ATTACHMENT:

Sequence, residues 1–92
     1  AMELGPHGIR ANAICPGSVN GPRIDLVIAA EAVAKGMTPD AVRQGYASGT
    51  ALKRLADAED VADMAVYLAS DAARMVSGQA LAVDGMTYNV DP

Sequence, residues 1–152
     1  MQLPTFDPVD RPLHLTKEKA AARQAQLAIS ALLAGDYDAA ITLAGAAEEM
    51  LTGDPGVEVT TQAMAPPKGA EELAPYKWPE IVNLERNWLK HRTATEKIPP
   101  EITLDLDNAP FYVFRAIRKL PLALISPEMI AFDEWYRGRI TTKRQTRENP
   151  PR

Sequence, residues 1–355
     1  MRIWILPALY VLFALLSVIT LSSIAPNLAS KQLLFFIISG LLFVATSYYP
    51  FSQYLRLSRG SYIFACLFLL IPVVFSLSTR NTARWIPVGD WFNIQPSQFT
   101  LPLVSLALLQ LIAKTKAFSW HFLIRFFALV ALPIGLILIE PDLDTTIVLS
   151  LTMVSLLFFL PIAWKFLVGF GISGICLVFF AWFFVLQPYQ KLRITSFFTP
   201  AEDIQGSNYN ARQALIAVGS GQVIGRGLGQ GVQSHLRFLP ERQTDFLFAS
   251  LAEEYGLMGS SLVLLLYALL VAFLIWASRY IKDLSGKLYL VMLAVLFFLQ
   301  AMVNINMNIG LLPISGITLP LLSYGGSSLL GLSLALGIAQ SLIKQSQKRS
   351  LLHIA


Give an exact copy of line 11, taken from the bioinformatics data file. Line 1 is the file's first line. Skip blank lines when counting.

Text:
    51  FSQYLRLSRG SYIFACLFLL IPVVFSLSTR NTARWIPVGD WFNIQPSQFT